Some Minifigures prefer to live under expansive domes topped with red roofs, while others like to live in rectangular buildings with classically sloped blue roofs. And, even though they have a river flowing between them, they still have a bridge connecting them. This Lego build of a micro Castle City is created by Isaac. The little Lego city is a Summer Joust 2020 Vignette Prize. An incredible amount of details has been fit into this city. By using a variety of pieces with different textures, it gives the illusion of more detail. Check out the 2×2 round flat plates sandwiched together which creates windows. The use of the 1×2 bricks with technic beam holes is another great way to create windows. Another good small detail is the Nexo Knights shields used so show the water flowing.
Lego had a theme back in 1970s and 1980s called Fabuland. A kids theme that features a village of cute animals. Well over 100 sets were released in those two decades. It was extremely popular in Europe, where they had their own TV show, puzzles, vinyl records, and all sorts of merchandising. There were two defining features of the theme, bright primary colors, and the Fabuland figures (bigger than a Minifigure, but not as big as a Duplo figure). Today, Fabuland is enjoying a long retirement. But, with the release of Animal Crossing on the Nintendo Switch there is new interest in the theme.
This Lego Fabuland Village is called “Bring back Lego Fabuland” and is created by Lasse Vestergård and Anne Mette. The neat thing about this creation, is that it comes in two parts. They have created a village using modern Lego building techniques and colors, and they have built an exact clone but using techniques and colors used in the original Fabuland sets. A lot of work has gone into making both versions the best possible.
Both villages have the same features. It is like looking into another dimension where everything is the same but different. The main street has cars, motorcycles, and a double decker bus. The town has a large collection of houses, including a windmill and a gas station. Everything is positioned around a crystal clear blue river with a beautiful Paddle Boat (Paddle steamer). There is even an airplane flying over everyone.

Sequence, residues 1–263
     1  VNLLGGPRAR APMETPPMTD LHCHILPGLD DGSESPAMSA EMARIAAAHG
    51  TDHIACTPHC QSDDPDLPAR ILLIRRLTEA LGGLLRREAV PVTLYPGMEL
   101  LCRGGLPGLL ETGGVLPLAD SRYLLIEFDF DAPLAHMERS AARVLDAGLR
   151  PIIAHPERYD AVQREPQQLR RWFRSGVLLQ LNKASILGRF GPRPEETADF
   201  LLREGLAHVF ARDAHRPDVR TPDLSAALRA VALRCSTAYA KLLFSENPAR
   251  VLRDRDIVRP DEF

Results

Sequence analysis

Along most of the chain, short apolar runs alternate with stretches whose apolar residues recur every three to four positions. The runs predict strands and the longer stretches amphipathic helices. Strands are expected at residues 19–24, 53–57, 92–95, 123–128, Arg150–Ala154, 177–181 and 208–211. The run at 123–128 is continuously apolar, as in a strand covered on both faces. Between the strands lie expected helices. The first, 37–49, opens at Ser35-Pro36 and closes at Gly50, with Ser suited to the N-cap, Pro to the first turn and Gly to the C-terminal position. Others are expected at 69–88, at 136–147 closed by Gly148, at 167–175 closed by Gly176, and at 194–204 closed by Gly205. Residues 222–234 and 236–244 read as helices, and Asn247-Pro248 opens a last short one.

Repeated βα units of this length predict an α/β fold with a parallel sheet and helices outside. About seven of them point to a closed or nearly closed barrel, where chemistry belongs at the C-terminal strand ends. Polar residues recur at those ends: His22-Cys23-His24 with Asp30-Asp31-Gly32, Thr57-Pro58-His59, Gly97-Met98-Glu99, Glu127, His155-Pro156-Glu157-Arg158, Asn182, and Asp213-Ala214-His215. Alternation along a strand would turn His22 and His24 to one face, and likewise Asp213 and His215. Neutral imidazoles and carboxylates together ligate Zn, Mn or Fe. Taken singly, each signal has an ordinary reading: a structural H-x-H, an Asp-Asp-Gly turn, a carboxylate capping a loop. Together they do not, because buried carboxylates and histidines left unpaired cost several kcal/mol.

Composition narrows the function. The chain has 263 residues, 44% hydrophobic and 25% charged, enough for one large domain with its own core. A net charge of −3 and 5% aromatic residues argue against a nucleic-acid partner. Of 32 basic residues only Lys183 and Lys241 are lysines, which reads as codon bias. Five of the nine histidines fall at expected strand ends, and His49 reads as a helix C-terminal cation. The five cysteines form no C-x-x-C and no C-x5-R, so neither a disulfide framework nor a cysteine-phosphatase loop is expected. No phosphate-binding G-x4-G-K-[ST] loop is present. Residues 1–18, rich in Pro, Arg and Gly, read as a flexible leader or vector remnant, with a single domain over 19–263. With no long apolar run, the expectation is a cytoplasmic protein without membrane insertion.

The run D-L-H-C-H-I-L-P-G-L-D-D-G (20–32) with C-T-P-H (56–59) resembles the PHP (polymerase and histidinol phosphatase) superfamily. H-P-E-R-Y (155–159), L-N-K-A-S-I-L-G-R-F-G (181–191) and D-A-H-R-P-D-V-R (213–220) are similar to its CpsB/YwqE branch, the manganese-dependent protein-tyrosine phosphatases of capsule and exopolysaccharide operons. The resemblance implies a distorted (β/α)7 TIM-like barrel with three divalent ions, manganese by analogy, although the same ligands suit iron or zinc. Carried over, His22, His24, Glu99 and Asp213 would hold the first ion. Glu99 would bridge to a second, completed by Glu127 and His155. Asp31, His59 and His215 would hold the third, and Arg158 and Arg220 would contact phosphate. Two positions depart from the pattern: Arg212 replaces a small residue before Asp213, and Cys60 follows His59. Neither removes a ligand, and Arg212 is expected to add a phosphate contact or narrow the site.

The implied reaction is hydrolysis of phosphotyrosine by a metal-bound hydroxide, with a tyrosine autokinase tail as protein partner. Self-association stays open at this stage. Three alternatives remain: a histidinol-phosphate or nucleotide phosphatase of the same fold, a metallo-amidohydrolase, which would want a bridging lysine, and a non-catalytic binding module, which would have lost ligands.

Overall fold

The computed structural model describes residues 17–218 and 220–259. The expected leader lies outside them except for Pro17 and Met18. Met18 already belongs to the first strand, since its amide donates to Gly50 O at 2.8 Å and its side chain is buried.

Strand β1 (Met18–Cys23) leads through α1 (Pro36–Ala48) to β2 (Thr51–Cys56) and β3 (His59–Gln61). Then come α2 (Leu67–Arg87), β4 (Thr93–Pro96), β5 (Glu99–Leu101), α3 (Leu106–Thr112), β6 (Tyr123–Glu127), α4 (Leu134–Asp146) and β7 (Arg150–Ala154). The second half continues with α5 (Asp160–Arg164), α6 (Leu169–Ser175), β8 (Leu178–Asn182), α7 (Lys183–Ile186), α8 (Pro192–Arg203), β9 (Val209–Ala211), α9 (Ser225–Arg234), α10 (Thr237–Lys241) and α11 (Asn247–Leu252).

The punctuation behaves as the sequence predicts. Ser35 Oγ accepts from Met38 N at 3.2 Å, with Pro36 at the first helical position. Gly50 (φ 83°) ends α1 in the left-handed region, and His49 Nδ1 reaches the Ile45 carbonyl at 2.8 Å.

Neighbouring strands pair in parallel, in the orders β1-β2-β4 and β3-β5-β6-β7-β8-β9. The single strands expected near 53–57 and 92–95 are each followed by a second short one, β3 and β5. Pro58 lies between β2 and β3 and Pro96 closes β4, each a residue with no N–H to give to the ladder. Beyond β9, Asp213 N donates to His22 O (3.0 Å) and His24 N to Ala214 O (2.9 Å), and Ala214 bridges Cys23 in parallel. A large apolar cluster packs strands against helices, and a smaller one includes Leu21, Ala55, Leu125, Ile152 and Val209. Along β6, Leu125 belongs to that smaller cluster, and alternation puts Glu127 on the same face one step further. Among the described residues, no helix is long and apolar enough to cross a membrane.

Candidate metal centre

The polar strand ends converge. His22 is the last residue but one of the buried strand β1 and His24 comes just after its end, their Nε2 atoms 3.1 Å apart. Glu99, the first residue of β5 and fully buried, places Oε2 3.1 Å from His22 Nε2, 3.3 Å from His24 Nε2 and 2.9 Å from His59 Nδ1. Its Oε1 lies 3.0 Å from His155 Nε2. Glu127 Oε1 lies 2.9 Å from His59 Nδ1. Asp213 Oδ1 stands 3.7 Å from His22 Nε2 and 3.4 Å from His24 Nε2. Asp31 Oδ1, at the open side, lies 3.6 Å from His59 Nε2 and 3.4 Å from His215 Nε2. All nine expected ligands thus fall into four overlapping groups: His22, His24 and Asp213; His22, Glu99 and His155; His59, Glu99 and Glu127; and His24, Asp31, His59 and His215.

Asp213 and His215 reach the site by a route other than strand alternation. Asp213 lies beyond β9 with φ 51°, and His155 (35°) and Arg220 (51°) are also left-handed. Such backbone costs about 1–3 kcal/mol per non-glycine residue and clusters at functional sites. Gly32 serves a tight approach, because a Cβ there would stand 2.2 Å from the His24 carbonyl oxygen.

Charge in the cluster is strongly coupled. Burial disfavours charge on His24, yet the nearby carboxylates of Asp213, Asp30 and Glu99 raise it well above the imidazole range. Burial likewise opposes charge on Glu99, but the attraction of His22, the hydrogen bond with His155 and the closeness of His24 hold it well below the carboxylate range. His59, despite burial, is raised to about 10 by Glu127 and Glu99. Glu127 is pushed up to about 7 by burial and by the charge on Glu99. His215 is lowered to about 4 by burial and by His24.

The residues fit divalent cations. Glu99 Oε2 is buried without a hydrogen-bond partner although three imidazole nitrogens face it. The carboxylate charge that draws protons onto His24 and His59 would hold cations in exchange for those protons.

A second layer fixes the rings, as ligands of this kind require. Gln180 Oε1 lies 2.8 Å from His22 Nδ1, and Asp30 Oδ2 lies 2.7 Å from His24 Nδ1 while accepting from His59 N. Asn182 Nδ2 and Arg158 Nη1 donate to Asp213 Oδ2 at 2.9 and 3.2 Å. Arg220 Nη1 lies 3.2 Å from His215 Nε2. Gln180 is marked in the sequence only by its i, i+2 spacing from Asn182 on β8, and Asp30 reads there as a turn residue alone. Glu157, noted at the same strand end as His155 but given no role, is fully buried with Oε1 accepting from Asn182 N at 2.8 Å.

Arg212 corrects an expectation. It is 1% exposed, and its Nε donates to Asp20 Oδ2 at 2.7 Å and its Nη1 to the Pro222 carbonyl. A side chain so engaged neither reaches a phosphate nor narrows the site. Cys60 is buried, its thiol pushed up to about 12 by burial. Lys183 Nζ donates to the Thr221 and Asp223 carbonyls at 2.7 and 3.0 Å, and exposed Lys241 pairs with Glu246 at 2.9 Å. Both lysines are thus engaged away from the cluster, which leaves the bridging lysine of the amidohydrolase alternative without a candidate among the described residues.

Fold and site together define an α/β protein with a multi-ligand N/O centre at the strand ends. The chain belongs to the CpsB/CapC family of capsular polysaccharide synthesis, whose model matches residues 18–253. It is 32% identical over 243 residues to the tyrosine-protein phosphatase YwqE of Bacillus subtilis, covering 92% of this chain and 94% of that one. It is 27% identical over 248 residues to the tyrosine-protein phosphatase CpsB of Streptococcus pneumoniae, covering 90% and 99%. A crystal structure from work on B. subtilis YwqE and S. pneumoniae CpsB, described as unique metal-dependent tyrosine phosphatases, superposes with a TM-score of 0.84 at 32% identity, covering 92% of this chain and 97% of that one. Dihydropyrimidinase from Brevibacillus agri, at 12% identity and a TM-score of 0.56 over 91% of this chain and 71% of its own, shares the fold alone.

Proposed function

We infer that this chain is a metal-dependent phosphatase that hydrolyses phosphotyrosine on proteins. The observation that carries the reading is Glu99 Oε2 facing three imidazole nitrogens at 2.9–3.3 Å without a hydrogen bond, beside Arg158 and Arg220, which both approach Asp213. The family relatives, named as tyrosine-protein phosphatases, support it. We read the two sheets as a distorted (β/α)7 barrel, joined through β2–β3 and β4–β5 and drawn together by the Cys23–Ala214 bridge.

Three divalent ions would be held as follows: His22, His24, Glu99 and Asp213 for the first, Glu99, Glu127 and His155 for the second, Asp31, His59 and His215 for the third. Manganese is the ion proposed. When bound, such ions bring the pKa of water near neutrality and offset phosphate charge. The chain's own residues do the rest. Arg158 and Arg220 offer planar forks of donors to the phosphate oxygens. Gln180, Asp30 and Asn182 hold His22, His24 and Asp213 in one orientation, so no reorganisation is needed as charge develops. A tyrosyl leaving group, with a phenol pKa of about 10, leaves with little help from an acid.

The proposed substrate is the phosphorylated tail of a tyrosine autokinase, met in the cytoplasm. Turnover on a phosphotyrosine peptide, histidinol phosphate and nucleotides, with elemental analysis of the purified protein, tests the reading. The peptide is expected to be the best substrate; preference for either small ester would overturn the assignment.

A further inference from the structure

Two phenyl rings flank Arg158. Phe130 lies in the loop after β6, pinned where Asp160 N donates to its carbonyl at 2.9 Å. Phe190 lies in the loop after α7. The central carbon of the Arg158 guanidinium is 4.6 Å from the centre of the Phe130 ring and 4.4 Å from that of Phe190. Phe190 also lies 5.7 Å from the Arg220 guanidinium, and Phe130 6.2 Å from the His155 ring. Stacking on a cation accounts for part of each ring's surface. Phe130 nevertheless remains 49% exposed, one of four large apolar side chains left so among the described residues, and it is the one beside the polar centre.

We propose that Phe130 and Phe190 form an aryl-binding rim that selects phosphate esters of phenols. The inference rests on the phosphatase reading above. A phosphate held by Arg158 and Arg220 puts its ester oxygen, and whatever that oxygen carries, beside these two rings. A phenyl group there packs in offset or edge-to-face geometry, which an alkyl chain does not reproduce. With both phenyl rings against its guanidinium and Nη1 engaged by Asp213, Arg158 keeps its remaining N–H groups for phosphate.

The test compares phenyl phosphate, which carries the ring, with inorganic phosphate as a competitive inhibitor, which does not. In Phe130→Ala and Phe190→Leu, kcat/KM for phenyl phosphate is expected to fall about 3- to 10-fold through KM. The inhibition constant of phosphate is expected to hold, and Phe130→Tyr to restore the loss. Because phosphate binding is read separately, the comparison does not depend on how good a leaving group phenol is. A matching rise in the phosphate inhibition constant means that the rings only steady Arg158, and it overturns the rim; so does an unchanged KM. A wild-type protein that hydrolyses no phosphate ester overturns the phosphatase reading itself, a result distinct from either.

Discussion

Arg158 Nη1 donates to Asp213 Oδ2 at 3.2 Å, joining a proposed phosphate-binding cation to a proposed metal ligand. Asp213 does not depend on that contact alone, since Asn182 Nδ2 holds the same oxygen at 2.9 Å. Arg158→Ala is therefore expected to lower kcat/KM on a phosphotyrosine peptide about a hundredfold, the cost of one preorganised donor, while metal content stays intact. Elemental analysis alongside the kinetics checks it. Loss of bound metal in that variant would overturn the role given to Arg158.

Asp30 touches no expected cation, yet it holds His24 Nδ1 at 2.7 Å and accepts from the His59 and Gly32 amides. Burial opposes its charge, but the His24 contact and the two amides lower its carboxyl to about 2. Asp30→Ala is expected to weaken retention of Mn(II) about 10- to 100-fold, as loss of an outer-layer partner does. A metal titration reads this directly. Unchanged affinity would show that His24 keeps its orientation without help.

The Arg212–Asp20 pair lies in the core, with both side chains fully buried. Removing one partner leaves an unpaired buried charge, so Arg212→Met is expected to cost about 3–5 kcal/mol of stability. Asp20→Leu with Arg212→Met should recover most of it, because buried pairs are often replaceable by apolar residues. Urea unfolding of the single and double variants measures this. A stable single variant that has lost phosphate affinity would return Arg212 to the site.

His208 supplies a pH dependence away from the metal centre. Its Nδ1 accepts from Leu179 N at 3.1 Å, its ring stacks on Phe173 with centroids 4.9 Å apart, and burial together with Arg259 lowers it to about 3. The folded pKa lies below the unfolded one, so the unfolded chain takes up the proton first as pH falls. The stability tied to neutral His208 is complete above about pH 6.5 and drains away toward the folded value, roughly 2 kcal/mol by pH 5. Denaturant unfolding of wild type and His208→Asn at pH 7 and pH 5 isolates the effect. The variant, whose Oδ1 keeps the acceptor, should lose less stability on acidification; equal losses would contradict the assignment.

Reviving the Fabuland theme would certainly be a hit. The animal villagers all have a lot of personality and Lego made sure that a lot of them have a backstory. Each one is unique and has their own name. The elephants in particular are a favorite.
Can you see what I see? …A frightened cat on a window sill… This little village street is hiding a lot of secrets. “On a scary scary street” is a Lego MOC created by Caleb Saw. In the picture book “Can You See What I See?: On a Scary Scary Night” there are incredibly detailed images with hidden puzzles centered around a spooky story. The scary street Lego MOC is an extremely accurate recreation of one of those pages. A lot of time and thought has gone into preserving the hidden objects. This Lego scene has even recreated the lighting from the original. The buildings and street are lit up with a bunch of warm LEDs. This gives the impression of a recently abandoned street. There are a lot of really well done details here, the brick built road, the multiple street signs, the variety of window designs, and ominous dark cave. Even the digitally added sky and moon match the book.
Les Misérables has been a cultural icon ever since the original novel was published in 1862 by Victor Hugo. Since then the story has been adapted to all sorts of media, with the musical and film standing out. You can now add Lego to that list. This is “The Barricade” a Lego MOC based on Les Misérables and created by General 尓àvarre. This is the pivotal scene from the story, and the point that everything changes. The barricade is an iconic mound of furniture, wooden boards, and trash. This Lego scene has a lot of nice details. The background is a blue sky, and here it is brick built. A subtle detail but worth the effort. The three buildings help to create a focal point on the Minifigure holding their ground with the French flag. That flag is an excellent build. The flat 1×2 tiles line up nicely and can be posed in a way to make it look like it is waving in the wind. The smaller flag looks great too, created from three 1×2 jumper plates held on with a clip. The whole scene has been photographed well, with a hazy look to the scene. You can feel the tension.